While the idea of a character being on the search for themselves is a pretty classic one, few characters have taken the concept as literally as does Tracy Jones, the protagonist of a play of the same name currently on view at Island City Stage until this June 18th. Described as “a comedy about friendship, connection and chicken wings,” the show comes to ICS as part of a rolling world premiere, after previous stops in Rochester, NY and Williamston, MI. It takes place at a party thrown by said protagonist, to which she has had the bright idea of inviting every other woman named Tracy Jones in an attempt to alleviate her crushing sense of loneliness.
After all, if there are 6,771 Tracies in the US, (though that figure regrettably includes the male Tracies, who will be decidedly unwelcome) then one of them is bound to have that glorious secret insight that will help her learn to be, well, herself.
Especially given that 67 Tracies clicked “interested” on Facebook, she’s cautiously optimistic that the endeavor will have a good turnout, and has devised what seems to be a foolproof plan for a stellar evening; nametags, drinks, food, game, prize, PowerPoint, mingling, cake. If only, of course, the ladies of the hour would actually go ahead and arrive.
Matthew Buffalo (photo by Matthew Tippins)
And while there is plenty of humor in the comedy of errors that ensues as the turnout for this little shindig is not exactly what Tracy expected, the play also encompasses some surprisingly dark themes, to the extent that watching the increasingly disastrous evening take place eventually began to evoke at least as much pity as amusement.
What seems at first glance as a fanciful idea for a fun party is actually the desperate act of a woman who simply couldn’t bear the idea of, as she puts it, “waking up another morning as just me.” It’s not until 15 pages into the show’s script even one other Tracy Jones shows up to join the proceedings, and about another 45 until just one more makes his debut—a male Tracy Jones who missed the “girls only” part of the memo.
Luckily, until then, Tracy (and the audience) have the fortune of at least being in the company of the teenage “personal party server-slash-host with the most,” part of the party package Tracy purchased from Jones’ Wings and Things for the occasion. Exceptionally eager to please, new to the job, and too young to be enlisted to replace Austin the bartender when he gets sidelined by food poisoning, the Host remains unnamed for most of the play (so I won’t spoil a joke by revealing her identity here!) but, especially as played with boundless, bright-eyed enthusiasm by Sara Grant, is one of its more likable and amusing characters.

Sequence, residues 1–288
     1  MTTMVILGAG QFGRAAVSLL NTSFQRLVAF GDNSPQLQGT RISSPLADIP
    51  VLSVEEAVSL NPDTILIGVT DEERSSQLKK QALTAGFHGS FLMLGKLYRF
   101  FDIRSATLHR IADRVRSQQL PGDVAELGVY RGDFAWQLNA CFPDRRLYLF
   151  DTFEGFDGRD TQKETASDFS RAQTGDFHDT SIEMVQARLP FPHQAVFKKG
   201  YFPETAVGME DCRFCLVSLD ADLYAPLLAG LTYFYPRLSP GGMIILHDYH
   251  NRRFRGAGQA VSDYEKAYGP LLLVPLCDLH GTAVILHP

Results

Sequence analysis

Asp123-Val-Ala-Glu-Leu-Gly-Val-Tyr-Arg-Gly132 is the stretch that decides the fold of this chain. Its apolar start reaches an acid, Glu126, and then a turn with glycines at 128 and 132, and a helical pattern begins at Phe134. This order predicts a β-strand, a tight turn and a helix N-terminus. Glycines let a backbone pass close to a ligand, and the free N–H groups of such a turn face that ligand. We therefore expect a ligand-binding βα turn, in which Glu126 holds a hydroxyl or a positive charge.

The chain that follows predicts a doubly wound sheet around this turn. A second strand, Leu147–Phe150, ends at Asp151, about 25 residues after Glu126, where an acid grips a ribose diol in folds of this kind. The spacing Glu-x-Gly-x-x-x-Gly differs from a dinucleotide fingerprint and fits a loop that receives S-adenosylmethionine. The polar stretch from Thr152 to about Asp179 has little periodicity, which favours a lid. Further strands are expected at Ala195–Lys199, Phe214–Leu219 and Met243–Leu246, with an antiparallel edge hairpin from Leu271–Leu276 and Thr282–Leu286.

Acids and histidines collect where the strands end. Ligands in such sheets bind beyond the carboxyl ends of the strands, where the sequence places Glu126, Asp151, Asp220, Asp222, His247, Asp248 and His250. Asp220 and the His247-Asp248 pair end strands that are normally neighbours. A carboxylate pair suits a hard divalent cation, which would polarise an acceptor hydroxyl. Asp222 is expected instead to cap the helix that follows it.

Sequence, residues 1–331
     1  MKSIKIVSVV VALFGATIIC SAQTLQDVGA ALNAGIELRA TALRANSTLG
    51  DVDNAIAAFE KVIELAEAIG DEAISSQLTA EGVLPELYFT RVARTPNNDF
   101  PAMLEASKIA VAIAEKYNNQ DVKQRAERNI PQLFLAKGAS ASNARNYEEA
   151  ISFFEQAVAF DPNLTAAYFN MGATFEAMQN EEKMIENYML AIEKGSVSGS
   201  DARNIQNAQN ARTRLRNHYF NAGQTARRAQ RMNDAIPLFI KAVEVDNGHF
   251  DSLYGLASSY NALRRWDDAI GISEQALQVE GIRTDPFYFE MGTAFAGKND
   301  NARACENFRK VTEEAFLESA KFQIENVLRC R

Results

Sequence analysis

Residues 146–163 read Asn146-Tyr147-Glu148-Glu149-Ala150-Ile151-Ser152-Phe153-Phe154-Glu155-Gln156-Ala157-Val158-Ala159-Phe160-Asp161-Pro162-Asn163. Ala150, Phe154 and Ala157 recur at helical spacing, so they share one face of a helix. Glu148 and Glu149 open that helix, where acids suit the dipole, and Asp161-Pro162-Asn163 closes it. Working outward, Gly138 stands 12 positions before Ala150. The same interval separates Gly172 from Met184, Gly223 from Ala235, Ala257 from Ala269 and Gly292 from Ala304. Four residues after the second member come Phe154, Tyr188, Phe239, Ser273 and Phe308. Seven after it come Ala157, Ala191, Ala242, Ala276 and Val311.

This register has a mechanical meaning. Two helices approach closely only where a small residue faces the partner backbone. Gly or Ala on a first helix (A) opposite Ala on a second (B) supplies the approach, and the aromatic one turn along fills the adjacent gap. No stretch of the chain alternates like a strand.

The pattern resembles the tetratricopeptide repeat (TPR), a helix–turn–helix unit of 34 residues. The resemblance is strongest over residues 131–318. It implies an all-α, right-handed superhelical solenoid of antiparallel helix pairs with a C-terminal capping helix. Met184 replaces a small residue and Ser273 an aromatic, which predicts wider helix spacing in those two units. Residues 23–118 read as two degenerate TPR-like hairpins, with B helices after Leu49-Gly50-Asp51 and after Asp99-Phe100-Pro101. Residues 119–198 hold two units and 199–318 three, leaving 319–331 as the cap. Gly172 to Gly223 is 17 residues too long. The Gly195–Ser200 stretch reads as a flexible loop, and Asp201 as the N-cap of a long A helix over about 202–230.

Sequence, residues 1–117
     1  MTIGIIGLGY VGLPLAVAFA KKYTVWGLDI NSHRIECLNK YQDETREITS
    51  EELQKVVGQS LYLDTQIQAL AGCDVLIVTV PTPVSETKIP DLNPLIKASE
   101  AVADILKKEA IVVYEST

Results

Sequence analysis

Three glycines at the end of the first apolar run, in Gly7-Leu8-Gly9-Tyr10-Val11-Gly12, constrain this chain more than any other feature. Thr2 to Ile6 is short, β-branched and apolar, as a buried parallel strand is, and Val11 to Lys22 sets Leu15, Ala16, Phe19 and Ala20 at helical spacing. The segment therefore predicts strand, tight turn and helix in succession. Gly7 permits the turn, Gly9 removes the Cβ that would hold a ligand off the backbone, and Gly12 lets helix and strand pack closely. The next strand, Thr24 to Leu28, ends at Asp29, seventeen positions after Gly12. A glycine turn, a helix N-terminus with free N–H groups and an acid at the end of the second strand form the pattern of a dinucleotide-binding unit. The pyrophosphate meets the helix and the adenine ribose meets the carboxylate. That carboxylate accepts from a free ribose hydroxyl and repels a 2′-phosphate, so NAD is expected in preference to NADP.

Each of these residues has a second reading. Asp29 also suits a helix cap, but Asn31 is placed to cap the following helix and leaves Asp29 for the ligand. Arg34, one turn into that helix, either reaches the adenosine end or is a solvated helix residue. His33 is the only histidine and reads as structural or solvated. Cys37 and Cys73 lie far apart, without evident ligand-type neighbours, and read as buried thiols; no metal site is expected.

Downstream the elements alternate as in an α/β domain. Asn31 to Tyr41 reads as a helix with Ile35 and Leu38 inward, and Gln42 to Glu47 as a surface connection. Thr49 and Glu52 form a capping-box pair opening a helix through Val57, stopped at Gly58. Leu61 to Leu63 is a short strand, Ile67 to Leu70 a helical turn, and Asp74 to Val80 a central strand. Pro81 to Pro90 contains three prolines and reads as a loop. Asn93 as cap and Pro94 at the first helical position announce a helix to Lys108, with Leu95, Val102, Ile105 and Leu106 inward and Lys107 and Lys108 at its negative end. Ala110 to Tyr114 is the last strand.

Irene Adjan, Sara Grant and Niki Fridh (photo by Matthew Tippins)
Some of the play’s best jokes involve her strict adherence to oddly specific and nonsensical restaurant protocol and terminology mandated by her employer, from referring to their custom snack mix as “scintillating scrumptious snack-ens” and their customers as “kith and kin” to setting up the snack table just so.
Yet when it comes to the play’s central premise and the plight of its central character, it’s almost as if Tracy Jones’ blend of a whimsical premise and themes as serious as suicidality and profound loss never quite strikes the right balance.
Thus, though the playwright described the piece as a “sad farce”, its antics ultimately struck me as falling more towards the sadder side. Yes, there are plenty of farcical hi-jinks and antics, and some of them very funny ones; jokes are called back at just the right moment, identities are mistaken, odd coincidences abound. But since the comedy isn’t quite so fast-paced as to command full audience attention, instead what comes through most vividly is the consuming desperation motivating its main character, which makes it a not entirely pleasant watch.
Sara Grant, Irene Adjan, Niki Fridh (photo by Matthew Tippins)